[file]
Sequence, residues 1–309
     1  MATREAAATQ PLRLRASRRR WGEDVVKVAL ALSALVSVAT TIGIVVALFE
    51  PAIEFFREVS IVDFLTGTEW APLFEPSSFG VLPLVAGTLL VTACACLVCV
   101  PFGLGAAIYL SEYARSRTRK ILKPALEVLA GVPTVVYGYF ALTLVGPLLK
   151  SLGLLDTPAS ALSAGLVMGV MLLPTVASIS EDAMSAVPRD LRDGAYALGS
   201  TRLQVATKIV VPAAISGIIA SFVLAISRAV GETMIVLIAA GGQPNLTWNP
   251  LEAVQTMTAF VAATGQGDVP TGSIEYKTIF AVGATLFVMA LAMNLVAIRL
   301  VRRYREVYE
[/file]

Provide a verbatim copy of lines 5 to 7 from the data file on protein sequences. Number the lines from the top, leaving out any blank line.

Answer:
   151  SLGLLDTPAS ALSAGLVMGV MLLPTVASIS EDAMSAVPRD LRDGAYALGS
   201  TRLQVATKIV VPAAISGIIA SFVLAISRAV GETMIVLIAA GGQPNLTWNP
   251  LEAVQTMTAF VAATGQGDVP TGSIEYKTIF AVGATLFVMA LAMNLVAIRL